IUDs & Implants Recommended Most Effective
The most effective and advanced forms of birth control sound downright medieval. But, hey, if it means not having spawn before we're ready, we'd almost take the iron maiden.
IUDs (intrauterine devices), which release copper or progestin, and contraceptive skin implants, which are inserted beneath the skin of the arm and also release progestin, are being recommended as the most effective type of reversible contraceptive according to the American College of Obstetricians and Gynecologists (ACOG). The ACOG report emphasizes the safety of these devices as well as their efficacy.
Compared to other forms of contraception, like birth control pills or condoms, IUDs and implants have lower rates of unplanned pregnancy associated with their use. Approximately 0.8 percent of U.S. women using a copper IUD and 0.2 percent using the progestin IUD had unplanned pregnancies within a year, whereas 9 percent of women on the pill and 2 percent of women using condoms had unplanned pregnancies in a year. By far the most effective was the skin implants, where the rate of unplanned pregnancy over the course of a year was 0.05 percent. Let's take it back a notch and reiterate something for you, ladies: Only 2 out of 100 women using condoms gets pregnant (assuming she correctly uses them every time she has sex) while 9 out 100 women on the pill do. Yikes. Big time yikes.
Additionally, contraceptive methods such as IUDs or implants are far lower maintenance than condoms or the pill, because they require no upkeep and last for a long time. The skin implant works for three years, the hormonal IUD works for five years, and the copper IUD works for approximately 10 years. Once they're in, you barely have to think about them... that's what she said.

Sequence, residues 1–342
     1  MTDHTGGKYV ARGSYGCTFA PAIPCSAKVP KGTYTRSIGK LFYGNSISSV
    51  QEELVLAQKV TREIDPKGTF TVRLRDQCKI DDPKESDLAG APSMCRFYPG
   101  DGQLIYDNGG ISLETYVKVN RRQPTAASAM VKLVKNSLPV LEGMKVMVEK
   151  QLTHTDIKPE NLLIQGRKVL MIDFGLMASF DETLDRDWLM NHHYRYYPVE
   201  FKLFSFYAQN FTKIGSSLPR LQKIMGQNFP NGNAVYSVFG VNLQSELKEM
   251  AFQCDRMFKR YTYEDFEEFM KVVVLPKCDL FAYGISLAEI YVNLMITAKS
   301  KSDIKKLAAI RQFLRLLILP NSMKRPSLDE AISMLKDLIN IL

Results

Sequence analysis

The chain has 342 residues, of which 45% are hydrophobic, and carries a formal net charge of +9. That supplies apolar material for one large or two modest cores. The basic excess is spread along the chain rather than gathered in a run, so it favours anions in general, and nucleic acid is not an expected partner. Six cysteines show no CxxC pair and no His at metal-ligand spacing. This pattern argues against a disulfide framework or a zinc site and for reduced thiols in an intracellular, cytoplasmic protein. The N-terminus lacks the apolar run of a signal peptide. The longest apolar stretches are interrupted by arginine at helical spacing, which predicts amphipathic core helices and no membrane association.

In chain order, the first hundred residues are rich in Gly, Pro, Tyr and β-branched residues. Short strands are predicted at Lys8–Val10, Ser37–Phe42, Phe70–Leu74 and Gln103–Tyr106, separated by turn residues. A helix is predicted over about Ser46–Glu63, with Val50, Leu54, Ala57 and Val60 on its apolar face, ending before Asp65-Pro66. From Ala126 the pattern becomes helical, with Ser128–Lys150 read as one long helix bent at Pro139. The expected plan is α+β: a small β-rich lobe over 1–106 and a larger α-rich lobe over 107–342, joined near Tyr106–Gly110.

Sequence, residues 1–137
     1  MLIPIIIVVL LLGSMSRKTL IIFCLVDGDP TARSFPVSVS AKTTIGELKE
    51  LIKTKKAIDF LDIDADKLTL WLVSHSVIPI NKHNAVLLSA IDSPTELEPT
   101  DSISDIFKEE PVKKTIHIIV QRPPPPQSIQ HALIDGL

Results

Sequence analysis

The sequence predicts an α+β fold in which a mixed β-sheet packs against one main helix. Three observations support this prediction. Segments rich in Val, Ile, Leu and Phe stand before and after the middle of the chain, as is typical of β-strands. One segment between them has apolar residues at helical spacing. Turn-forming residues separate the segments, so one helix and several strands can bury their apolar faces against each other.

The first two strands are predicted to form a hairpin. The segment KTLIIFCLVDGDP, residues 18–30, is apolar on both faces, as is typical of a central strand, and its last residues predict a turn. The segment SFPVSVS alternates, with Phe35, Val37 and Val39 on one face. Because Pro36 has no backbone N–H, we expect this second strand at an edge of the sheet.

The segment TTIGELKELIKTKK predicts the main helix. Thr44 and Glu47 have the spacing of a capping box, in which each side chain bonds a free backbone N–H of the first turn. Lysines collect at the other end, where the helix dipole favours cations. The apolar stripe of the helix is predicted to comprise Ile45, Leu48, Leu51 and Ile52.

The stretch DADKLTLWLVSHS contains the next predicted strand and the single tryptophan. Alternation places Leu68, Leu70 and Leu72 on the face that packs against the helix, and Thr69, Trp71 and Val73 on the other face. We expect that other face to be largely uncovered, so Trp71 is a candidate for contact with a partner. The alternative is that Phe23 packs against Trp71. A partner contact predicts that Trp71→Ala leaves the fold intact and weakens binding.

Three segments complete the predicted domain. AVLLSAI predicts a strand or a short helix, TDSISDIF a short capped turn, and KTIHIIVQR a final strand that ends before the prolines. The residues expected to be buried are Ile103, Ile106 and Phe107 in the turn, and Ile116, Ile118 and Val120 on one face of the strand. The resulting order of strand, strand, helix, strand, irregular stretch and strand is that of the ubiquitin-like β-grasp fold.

But before you knock down your gyno's door to get implanted with one of these contraceptives, it's important to mention some of their side effects. The implant can cause irregular menstrual bleeding, as well as mild insulin resistance. All kinds of hormonal contraceptives have also been linked to acne and weight gain. The hormonal IUD has been linked to lighter periods, whereas the copper IUD has been linked to heavier menstrual bleeding and cramping, although this effect may diminish over time. Additionally, IUDs have traditionally been associated with an increased risk for pelvic inflammatory disease (PID), which can cause infertility (available evidence, however, suggests that the association is unfounded). And in 1 of 1,000 cases, ACOG reports that an IUD can break through the wall of the uterus, in which case it needs to be removed and surgery may be required.
Another potential deterrent to using IUDs and implants: cost. IUDs can cost from $500 (the copper IUD) to $800 (the hormonal IUD) for the device alone, while implantation costs between $400 and $800. It sounds expensive, but the Pill adds up too--and so do condoms (depending on how racy your sex life is).
If you ask us, years of reduced panic around period time: priceless.
Source: "IUDs, implants advocated for birth control." Reuters. Retrieved from .